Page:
Slowly I start to come out of this an could see multiples of the same faces, these where nurses and Jenn, slowly everyone started to come into focus and Jenn was there with me again, soothing me and calming me as she let me know that it world this time and my heart was beating as it should. I actually as of now do not remember getting back to the ward from ICU.

I can see how people could get addicted to these drugs, they are powerful and can take you to a place that could be better then you are physically in at that time. WOW.

Eat, oh man did I eat when I got back, I was so hungry, they are saved some of my lunch and added some extras.

So heart now beating as it should it was time to starting with this walking with the goal of getting out a soon as I could, I was done and all I wanted was by own bed along with a decent nights sleep, as much as I wanted this, I knew I was still in the best place I needed to be at this time.

 

 

UP and Down in ICU

It has taken me a while to get back to the blog, I have just not felt the urge to write anything and only now, 10 days after surgery, starting to feel human again.

So I thought I would give you are quick update of what went on after my surgery, Jenn did a great job of what it was like for her during the hours of the surgery, so here we go.

I came out of surgery around 6:30pm on the Wednesday, but do not remember a thing until around 3:00am when I remember waking up in ICU and throwing up, I remember saying to the nurse it was probably drinking to much water to quickly, but I do not remember actually drinking the water.

I felt I was in out of sleep then for a few hours, until I heard the familiar voice of Jenn, she came over and I have never been so happy to see my wife as I did at that moment.

The time in ICU was not a pleasant one at all, I guess it’s not supposed to be or you would not be there, but with 3 drain tubes and a catheter in, plus 2 main lines one in my write and one in my neck, then the tubes from the IV machines beeping and bonging, an oxygen tube, then all the monitoring wires it was impossible to get in any comfortable position. On top of that the businesses of ICU added another reason for me not really sleeping the whole time I can remember being in there, it was loud a noisy all day and night, there was also a very distressed woman in the room next to me who would scream and shout every 2 hours. So not mediation, music or podcast could penetrate that.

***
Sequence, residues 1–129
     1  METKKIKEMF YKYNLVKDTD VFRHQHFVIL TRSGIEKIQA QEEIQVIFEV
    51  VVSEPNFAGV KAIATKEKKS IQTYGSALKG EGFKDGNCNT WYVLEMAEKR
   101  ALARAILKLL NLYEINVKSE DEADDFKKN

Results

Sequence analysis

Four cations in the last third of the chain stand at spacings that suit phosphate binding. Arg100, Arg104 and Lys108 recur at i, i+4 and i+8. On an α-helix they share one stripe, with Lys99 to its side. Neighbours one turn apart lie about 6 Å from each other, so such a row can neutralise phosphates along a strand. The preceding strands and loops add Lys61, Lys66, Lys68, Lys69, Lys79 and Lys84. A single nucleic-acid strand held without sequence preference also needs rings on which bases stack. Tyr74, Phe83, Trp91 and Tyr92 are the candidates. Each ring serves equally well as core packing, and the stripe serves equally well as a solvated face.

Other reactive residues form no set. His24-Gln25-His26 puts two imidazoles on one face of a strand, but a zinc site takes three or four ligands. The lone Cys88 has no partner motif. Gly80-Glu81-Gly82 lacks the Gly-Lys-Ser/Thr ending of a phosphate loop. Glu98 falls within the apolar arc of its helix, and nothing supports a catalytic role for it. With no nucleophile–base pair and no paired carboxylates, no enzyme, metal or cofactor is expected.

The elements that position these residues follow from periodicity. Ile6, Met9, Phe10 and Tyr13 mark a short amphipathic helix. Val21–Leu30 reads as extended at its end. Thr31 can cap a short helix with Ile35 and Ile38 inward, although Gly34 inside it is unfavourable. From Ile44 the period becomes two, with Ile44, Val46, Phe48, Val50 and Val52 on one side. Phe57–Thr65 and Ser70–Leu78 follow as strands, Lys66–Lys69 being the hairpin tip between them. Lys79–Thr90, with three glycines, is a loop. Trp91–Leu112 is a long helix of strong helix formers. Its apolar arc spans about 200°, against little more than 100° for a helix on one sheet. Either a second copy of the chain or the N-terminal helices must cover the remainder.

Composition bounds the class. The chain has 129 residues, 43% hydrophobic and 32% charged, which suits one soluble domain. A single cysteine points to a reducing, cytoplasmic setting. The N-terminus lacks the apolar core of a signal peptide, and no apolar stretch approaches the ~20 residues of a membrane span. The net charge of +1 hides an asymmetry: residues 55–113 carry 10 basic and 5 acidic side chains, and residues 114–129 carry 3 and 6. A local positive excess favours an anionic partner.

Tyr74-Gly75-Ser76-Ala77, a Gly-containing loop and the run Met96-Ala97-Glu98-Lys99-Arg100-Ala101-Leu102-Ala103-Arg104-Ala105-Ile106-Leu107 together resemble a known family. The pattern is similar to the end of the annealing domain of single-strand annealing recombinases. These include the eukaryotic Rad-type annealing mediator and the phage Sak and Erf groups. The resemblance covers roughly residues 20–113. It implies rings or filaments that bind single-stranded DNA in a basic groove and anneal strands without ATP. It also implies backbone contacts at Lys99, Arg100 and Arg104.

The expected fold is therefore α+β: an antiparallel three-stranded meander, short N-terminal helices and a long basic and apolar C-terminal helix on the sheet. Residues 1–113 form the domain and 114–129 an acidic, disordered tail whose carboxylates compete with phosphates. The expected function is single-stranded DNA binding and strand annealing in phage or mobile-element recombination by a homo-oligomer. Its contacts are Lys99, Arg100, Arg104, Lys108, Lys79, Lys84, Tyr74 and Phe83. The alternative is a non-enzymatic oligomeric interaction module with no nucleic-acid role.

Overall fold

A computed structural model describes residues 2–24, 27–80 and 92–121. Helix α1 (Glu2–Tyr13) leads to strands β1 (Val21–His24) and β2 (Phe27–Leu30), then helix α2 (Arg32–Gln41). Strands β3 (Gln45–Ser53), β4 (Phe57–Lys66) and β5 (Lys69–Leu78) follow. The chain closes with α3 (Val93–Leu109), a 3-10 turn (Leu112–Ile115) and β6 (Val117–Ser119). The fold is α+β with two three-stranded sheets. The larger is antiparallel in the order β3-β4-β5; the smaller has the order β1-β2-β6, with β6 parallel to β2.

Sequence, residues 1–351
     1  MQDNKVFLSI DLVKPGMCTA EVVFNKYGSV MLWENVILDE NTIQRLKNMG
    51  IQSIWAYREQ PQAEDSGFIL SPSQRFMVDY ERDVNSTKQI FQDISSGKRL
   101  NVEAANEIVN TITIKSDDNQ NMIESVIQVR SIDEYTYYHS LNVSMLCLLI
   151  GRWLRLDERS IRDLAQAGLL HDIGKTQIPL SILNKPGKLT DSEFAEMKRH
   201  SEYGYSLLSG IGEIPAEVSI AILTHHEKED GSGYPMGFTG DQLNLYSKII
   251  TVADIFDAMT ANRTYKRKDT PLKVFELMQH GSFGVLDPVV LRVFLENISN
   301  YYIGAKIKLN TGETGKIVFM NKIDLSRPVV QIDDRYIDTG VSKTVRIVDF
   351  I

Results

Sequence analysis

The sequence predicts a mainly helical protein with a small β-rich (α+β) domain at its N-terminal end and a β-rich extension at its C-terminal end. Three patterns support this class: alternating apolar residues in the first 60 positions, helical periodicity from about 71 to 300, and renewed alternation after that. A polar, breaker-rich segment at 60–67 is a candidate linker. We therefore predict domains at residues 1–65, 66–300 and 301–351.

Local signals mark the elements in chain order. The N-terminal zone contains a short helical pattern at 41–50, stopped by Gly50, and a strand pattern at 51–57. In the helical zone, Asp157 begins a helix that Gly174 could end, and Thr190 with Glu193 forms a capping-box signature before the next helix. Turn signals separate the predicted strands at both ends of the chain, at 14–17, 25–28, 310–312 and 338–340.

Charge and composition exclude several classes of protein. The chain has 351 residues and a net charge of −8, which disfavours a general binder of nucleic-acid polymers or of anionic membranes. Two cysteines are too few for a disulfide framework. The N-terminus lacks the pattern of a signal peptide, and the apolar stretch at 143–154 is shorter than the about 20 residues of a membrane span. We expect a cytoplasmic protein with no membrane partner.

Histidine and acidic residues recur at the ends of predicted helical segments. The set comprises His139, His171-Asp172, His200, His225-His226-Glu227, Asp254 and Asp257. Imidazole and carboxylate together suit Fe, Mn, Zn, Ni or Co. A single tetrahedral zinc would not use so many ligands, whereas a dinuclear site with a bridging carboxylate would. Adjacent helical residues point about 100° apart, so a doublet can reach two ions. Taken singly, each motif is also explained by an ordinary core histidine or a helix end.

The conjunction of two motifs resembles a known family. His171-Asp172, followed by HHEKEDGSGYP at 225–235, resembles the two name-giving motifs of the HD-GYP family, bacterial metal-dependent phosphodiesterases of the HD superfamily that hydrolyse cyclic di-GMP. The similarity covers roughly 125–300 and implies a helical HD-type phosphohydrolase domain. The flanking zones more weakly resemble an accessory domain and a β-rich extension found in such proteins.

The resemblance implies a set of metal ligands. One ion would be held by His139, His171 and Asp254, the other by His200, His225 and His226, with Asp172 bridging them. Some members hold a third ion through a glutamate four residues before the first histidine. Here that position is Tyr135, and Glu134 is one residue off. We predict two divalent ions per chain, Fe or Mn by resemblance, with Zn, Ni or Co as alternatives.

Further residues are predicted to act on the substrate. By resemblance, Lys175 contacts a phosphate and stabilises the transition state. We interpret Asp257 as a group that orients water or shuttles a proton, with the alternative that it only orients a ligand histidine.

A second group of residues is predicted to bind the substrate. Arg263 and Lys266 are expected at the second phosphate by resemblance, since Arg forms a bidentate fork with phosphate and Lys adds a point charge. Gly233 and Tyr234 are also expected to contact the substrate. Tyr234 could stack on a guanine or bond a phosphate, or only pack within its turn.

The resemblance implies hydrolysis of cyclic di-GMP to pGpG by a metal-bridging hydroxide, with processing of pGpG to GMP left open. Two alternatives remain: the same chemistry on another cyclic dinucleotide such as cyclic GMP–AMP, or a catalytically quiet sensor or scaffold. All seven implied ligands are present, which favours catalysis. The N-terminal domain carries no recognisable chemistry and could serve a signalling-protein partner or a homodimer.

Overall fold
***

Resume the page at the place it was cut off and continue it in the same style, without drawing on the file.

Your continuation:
Overall the ICU nursing where amazing, truly dedicated to their job of looking after, in this case, me. At the press of a button help was there, like there quick, unlike upstairs, covered by another post, where it ring for a while, that’s what one on one during care gets you. As I mentioned to Jenn, there where times when I was laying in ICU where I was 100% reliant on other people, I would not survive without them, I was just like being a baby again, truly humbling experience.

So it was planned for me to move out of ICU on the Friday and just about the time I was supposed to I went into AFIB, this means my heart was not beating in a regular pattern, this is common after bypass and comes and goes, but mine decided to stay, so I was out in some drugs which was supposed to help but did not so they made the decision to do a Carioversion on my on the Saturday morning, basically they shock you heart back into rhythm, again something they do all the time. Even today it comes and goes at home, although it seems less and less, again just something that is common due to how much you heart was disturbed during the surgery.

Sometime on Friday I had a nurse checking my and suddenly asking for help, seems by blood pressure had dropped a lot, so was given some meds while a nurse also held my legs up high, very undignified.

Saturday morning came in they did the Cardioversion, which for me did not work, and although they said I would be out, I actually remember a good part of the process, which was scary. So they decided they would try again the next day, great I thought, another night in ICU.